All major components of the airplane were accounted for at the accident site. The airplane came to rest on it's left side. Both wings separated during the impact sequence and were located along a debris path that was oriented about a 325 degree heading, and extended about 100 feet. Additionally, several freshly broken tree branches were observed along the debris path, which included pieces of 2-inch diameter wood, with cut ends at 45-degree angles, and black paint transfer present on the cut surfaces.

The engine remained attached to the airframe. Examination of the right side of the engine, which included a borescope examination of cylinders 1, 3, and 5, did not reveal any evidence of a catastrophic engine failure. Additionally, the 1, 3, and 5 spark plugs were removed. Their electrodes were intact, gray in color, and exhibited combustion deposits.

The airplane and engine were recovered from the accident site on March 7, 2003, and examined in Biddeford, Maine, on March 13, 2003.

Flight control continuity was confirmed from the stabilator and rudder, to the forward cockpit area. Aileron control continuity was confirmed to the point of both wing separations. The separated aileron control cables displayed "broom-strawing" at the separated ends.

The engine was rotated by hand. Thumb compression and valve train continuity was confirmed on all cylinders, except the number 2 cylinder, which was impact damaged. Both magnetos produced spark from all respective distributor towers, when rotated by hand. The oil filter element and oil suction screen did not contain any metallic debris. The engine driven fuel pump drive coupling remained intact and fuel was present in the pump housing. The fuel servo inlet screen did not contain any contamination. All spark plugs were removed, except for the number 2 top spark plug, which was impact damaged. All spark plug electrodes were intact, and gray in color, except the number 4, 5, and 6 cylinder bottom spark plugs, which were oil soaked.

The propeller remained attached to the crankshaft flange. Both propeller blades contained chord wise scratches, consistent with rotation.

Disassembly of the vacuum pump did not reveal any discrepancies.


An autopsy was performed on the pilot, on March 4, 2003, by the Office of the Chief Medical Examiner, Boston, Massachusetts.

The toxicological testing report from the FAA Toxicology Accident Research Laboratory, Oklahoma City, Oklahoma, was negative for drugs and alcohol for the pilot.


Emergency Locator Transmitter (ELT) and Search and Rescue

The airplane was equipped with Narco Avionics model 10 emergency locater transmitter (ELT). The battery replacement date was September 2004. At 2139, the Air Force Rescue Coordination Center (AFRCC) received an ELT signal from the COSPAS-SARSAT international satellite system for search and rescue. The location of the ELT signal was approximately 11.25 miles southwest of the accident site, near the town of Sheffield, Massachusetts.

At 2200, the Burlington (BTV) AFSS received a telephone call from a relative of those on board the airplane. The individual reported speaking with the pilot via cell phone at 1738 when the airplane was near Wilkes-Barre, Pennsylvania. At the time he was told that the family was heading home to Keene, New Hampshire. He had not been able to reach the pilot again despite repeated telephone calls to his cellular and home phones. Responding to this information, BTV began contacting other FAA facilities requesting information about N4072R and that ramp checks be conducted at airports along the intended route of flight. About 2222, the Boston air traffic control (ZBW) received a phone call from AFRCC opening an incident for the ELT signal near Sheffield. As requested by AFRCC, ZBW controllers began to solicit airborne ELT reports from aircraft flying in the vicinity of the satellite ELT signal. At the same time, other ZBW controllers began making telephone calls to FAA facilities and EEN, inquiring whether anyone had been in contact with N4072R.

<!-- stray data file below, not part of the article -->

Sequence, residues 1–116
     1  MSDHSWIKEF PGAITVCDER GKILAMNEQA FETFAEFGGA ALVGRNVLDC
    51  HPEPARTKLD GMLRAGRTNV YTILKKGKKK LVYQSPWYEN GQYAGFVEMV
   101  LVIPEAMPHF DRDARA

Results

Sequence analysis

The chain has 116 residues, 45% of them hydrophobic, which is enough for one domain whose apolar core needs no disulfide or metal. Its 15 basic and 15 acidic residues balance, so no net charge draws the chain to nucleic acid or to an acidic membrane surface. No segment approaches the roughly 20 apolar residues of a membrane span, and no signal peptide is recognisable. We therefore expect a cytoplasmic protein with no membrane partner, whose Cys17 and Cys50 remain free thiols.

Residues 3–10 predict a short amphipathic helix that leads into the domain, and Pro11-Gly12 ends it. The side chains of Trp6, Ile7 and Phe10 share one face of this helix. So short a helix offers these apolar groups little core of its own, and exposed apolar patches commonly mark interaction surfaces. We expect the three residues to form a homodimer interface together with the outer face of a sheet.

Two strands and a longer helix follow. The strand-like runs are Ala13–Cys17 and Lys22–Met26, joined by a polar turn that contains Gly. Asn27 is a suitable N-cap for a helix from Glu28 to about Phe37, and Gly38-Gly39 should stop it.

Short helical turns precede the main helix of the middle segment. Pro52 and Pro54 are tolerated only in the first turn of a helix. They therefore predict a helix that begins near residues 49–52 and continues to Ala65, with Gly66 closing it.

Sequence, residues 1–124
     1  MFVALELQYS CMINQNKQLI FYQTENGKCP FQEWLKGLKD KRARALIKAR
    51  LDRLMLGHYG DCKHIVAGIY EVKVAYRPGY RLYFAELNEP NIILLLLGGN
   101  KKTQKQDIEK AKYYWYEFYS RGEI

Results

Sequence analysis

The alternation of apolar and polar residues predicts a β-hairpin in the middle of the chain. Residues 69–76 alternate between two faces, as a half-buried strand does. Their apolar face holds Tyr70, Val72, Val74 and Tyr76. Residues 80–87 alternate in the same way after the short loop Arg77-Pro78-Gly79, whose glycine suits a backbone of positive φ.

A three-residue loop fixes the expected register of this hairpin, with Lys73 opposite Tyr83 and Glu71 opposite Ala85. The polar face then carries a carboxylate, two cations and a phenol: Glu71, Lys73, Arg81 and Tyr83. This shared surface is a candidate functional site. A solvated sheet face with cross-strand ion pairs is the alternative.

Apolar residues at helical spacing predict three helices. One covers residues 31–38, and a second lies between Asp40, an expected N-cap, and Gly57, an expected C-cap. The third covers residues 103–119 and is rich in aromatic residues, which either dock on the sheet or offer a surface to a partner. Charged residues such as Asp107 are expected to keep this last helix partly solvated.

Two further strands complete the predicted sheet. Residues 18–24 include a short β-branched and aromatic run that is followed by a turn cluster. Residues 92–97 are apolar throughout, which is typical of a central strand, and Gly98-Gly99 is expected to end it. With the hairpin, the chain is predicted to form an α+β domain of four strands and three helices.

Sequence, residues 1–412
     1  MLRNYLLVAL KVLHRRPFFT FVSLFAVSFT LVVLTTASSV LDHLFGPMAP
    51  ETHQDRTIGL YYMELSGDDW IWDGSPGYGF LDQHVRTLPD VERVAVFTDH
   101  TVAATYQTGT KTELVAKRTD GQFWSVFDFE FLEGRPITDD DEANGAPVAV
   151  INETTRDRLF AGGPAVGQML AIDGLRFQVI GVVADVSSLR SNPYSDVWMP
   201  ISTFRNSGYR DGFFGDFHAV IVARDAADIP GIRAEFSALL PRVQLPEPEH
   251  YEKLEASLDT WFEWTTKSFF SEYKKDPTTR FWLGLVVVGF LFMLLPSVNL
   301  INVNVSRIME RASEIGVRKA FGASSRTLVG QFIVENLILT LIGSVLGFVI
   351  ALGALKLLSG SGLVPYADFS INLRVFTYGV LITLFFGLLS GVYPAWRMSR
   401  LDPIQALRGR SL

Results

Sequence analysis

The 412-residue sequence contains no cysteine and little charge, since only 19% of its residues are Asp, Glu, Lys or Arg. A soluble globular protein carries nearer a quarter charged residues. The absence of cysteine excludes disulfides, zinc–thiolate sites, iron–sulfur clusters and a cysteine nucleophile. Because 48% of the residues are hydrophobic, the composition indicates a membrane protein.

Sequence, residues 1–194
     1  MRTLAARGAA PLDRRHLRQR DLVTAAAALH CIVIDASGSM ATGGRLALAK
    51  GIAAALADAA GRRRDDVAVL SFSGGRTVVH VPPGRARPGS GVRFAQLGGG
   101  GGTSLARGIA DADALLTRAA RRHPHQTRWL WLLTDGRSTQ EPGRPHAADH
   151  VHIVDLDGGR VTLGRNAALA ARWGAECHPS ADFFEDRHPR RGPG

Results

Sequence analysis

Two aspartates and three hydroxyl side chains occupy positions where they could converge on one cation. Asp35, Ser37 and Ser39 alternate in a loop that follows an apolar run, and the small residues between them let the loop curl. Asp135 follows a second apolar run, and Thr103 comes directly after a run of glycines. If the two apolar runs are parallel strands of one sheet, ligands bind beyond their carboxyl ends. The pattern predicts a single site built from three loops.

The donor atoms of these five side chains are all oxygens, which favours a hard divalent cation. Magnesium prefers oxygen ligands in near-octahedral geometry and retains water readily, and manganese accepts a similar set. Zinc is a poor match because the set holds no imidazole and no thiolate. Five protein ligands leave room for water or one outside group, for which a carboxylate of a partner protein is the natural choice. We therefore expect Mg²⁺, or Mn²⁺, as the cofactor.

At 2231, BTV received a telephone call from AFRCC to open ELT incident #0953 and to "verify if there was any overdue or missing aircraft." The BTV specialist responded "just a second, there is a missing or overdue air...well, we don't know that yet." This conversation represented the first indication of FAA personnel linking the ELT incident with N4072R. At 2240, a ZBW controller relayed four negative airborne ELT reports to the AFRCC from the vicinity of the ELT satellite signal. At 2304, ZBW learned from New York TRACON (N90) that N90 had "worked" N4072R and that the pilot had cancelled his IFR flight plan and changed his destination to BAF, after his request to descend to 4,000 feet due to icing, was denied. Also about 2304, specialists at BTV notified both the Massachusetts State Police (MA SP) and Great Barrington Police Department of the reported ELT signal.

While ZBW controllers were attempting to locate N4072R on the ground at BAF they received a notification from Bradley TRACON (BDL) that an airplane had received a strong airborne ELT signal in the vicinity of the "MOBBS" intersection. ZBW reported this finding to AFRCC at approximately 2316 and also relayed that N4072R was overdue, but may have landed at BAF. At 2323, ZBW completed a National Track Analysis Program (NTAP) and report

NTSB Probable Cause

The pilot's improper decision to attempt a visual flight rules (VFR) flight in marginal VFR weather conditions over mountainous terrain, which resulted in an in-flight collision with trees. Factors in this accident were clouds and night light conditions.